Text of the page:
The interesting thing is that I used beginner materials for a year, and at no point did I ever feel good about my abilities with the fast stuff.
Yet when I made the commitment to go big and work with fast audio no matter what, it only took about two weeks for it to begin to feel normal and natural for me.
You will be amazed at just how rapidly your comfort zone expands when you force it to!
Operating in the Target Language Only
Something I didn’t mention earlier is that, these comfort zones don’t necessarily have to be done in the order that I’ve presented them.
For example, you could expand into this current comfort zone of the target-language-only before getting used to the fast version of the language if you really wanted to.
I’ve just laid them out in the most natural progression, but it’s okay to go at it however you like.
Having said that, let’s talk about letting go of your native tongue.
When you begin learning a second language, you primarily use your first language to do so. This makes sense for the beginner stuff since it usually lines up nicely between the two languages.
But once you begin to get into the higher levels of the language, there are things that are untranslatable!
This means that you can only learn and understand the new concepts within the context of the target language itself.
People don’t really like the uncertainly that this situation brings, and hence a new comfort zone is needed.
What you want to do at this point is bring your vocabulary and grammar knowledge up to the point where you can learn new words in a dictionary that is only in the target language.
Then you want to start reading lots and lots of books.
These two things will begin to change your mind to that of a native, as people from different countries see the world (gasp!) differently.
If you can read a dictionary, you can learn the new words you encounter without needing to fall back on language #1.
And by reading a lot, you can see how the language is used in a lot of different situations and contexts.
Do this enough, and you will be able to flip a switch in your brain between the two different languages and therefore think and understand reality differently.
At some point you are going to have to stop using your first language, and start to live in the second language if you desire to attain a high level of skill with it.
In fact, you could even consider your native language to be nothing more than training wheels, designed to be removed once you are able to keep your balance on the bicycle of your new language.
Speaking the Language fluidly
One of the interesting things about language is that, you have to do the thing you want to get better at!
So if you want to get really good at reading it, you need to read a lot.
And of course if you want to get really good at speaking it, you need to speak a lot.
This is perhaps the single biggest struggle for people: speaking confidently and fluently in a foreign language.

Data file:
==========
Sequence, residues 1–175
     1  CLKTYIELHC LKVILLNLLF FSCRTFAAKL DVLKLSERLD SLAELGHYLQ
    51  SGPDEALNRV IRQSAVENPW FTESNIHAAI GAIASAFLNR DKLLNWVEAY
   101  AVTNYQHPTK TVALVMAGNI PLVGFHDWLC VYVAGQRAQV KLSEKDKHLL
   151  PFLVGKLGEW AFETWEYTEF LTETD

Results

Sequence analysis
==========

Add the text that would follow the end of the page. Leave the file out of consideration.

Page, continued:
Even the definition of fluency itself is: “The ability to express oneself easily and articulately.”
It is not all that uncommon for people to be able to understand a language when they are hearing it (comprehension), but to still struggle with speaking it themselves.
This is why speaking the language is most often the final hurdle and the last comfort zone to be mastered in learning a second language.
The best way (in my experience) to become better at speaking a language, is to mimic native people while they speak it.
I touched upon this as a good way to get used to the fast version of the language, and the procedure is the same here: Listen and then repeat!
It helps if you can pretend that you are an actor who is playing the role of a character.
That way you can feel the emotions as you speak and get used to the kinds of situations where you would actually use the phrase.
Then the next time you’re in that situation in real life, you can choose to speak your mind in either language.
Try starting off with some simple lines that you tend to say every day in your primary language, and work on saying them in the language you’re learning.
At some point, you’ll actually begin to defer to the language you’re working on and skip your mother tongue altogether!
From there you can simply expand outward to the point where you are comfortable expressing yourself verbally about anything you desire to.
Are There Any More Zones?
Like I said, you don’t have to expand zones in this exact order that I’ve laid out, but if you do it should be a rather natural process.
But it won’t necessarily be easy!
That’s the rub.
I mean, if it were easy I wouldn’t be able to talk about expanding comfort zones! Right?!
Are you feeling stuck in one of the comfort zones I talked about?
Do you think there are any other comfort zones with language learning?
Let me know in the comments!